Best Cat Food for Excessive Shedding

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Quick answer: Aim for 45% of more protein on a dry basis to help combat shedding in cats.

Make sure the cat food is a complete meal per AAFCO’s nutrition guidelines.

5 Best Cat Food for Excessive Shedding

I filtered popular cat foods for meeting protein requirements and being complete meals.

All are the best rated from my testing.

Tiki Cat After Dark is the best overall, with a huge protein content and is a complete meal for any age.

Best Overall
Tiki Cat After Dark cat food.
1. Tiki Cat After Dark
78% protein
0% carbs
Complete for all ages
Human grade quality
4.5 star rating.
4.5/5 star rating.
4.5/5 star rating.
Fancy Feast Kitten
2. Fancy Feast Kitten
55% protein
5% carbs
Complete for growth
Affordable option
4/5 star rating.
4/5 star rating.
4.5/5 star rating.
Feline Natural wet cat food.
3. Feline Natural
52% protein
2% carbs
Complete for all ages
Omega 3 for joints
4/5 star rating.
5/5 star rating.
5/5 star rating.
Go! Solutions cat food.
4. Go! Solutions
51% protein
17% carbs
Complete for all ages
Chicken free available
4.5 star rating.
4/5 star rating.
3.5/5 star rating.
Taste of the Wild dry cat food.
5. Taste of the Wild
47% protein
20% carbs
Complete for all ages
Chicken free available
3.5/5 star rating.
3.5/5 star rating.
3.5/5 star rating.

More below in this guide to the best cat food for excessive shedding.

I have a background in nutrition and research and test most of the products recommended.

This article isn’t a replacement for medical advice.

See more about us here.

What to Look For in Cat Food to Help With Shedding?

Quick answers:

  • Diet and shedding:
    • Excessive shedding can indicate poor diet or environmental issues like flea allergy dermatitis.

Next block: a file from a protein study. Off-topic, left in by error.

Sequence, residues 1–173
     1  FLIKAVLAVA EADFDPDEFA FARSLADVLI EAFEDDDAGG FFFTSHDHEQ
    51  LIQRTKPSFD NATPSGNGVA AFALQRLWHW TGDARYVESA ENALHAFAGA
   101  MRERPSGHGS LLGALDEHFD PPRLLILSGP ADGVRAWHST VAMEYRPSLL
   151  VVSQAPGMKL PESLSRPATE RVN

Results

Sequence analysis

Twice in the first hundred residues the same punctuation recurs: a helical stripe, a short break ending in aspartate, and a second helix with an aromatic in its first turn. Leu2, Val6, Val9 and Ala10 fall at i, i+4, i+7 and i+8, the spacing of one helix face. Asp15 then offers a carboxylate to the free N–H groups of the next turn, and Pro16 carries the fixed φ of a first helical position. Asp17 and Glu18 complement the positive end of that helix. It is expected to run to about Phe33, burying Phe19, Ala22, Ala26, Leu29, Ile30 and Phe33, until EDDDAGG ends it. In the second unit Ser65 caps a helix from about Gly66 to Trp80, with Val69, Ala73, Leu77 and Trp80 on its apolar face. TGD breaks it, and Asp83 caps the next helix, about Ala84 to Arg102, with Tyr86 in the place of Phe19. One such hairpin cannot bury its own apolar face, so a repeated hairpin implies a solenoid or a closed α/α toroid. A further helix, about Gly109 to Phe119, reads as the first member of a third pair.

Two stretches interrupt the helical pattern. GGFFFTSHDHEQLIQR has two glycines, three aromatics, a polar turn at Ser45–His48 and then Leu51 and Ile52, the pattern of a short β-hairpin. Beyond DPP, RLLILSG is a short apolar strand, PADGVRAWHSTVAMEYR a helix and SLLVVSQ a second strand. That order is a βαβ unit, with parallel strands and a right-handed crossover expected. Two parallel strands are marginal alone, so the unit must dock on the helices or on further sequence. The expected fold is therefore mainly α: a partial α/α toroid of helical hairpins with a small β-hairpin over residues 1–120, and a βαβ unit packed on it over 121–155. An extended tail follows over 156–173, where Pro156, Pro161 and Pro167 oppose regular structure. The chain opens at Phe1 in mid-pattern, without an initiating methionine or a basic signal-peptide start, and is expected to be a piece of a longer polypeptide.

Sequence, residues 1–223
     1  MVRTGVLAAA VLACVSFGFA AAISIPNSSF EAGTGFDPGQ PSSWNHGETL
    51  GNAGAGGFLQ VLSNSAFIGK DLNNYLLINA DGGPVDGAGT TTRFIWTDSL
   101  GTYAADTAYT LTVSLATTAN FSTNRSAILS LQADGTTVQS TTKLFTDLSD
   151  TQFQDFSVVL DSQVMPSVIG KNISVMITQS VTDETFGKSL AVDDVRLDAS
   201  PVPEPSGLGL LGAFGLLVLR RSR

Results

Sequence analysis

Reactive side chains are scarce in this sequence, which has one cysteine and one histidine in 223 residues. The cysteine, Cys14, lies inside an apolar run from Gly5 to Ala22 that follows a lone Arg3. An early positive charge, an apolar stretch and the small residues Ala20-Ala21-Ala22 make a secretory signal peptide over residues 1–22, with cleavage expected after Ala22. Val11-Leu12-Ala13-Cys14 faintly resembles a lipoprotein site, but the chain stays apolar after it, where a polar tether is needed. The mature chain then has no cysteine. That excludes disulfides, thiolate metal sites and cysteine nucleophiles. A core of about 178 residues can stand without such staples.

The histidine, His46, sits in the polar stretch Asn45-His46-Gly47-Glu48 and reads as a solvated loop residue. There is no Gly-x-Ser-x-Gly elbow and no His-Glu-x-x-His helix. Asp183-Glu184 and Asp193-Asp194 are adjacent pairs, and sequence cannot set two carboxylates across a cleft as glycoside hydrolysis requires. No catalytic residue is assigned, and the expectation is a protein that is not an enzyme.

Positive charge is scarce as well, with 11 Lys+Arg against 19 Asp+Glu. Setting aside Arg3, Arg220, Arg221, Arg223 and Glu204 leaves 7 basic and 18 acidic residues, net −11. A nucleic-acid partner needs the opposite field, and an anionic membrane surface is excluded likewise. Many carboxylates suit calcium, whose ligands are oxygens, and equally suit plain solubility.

• High protein diet:
    • Aim for a diet with 45% protein (dry matter) to support hair and skin health, as hair is primarily made of keratin.
  • Complete cat food:
    • Ensure the food is complete and balanced with essential vitamins and minerals like zinc, iron, and biotin to prevent hair loss.
    • Avoid foods high in phytates (grains) that hinder nutrient absorption.
  • Nutritional adequacy:
    • Look for foods that meet AAFCO’s nutritional guidelines to ensure all dietary needs are met.
  • Elimination diet:
    • Consider this with a vet if nutritional improvements don’t reduce shedding.
    • Target food allergies with novel protein or hydrolyzed food for 6-8 weeks.
  • Environmental factors:
    • Address environmental causes like flea allergy dermatitis separately through thorough cleaning.

Long answers:

Hair loss is a sign of poor diet.

But it’s also a sign of environmental problems like flea allergy dermatitis.

First, let’s look at how choosing the right cat food can help reduce excessive shedding.

High Protein Diet

Hair is made of a protein called keratin.

An estimated 25-30% of dietary protein goes to hair and skin growth.

For this reason, experts suggest a high protein diet.

The recommendation is for 45% protein (dry matter).

Use a calculator to find out if your cat food is a protein-rich option. 

To do this, check the crude nutritional content on the label.

Then enter that into the calculator to find out the dry basis protein.

Look for foods over 45% protein on a dry matter basis to combat shedding.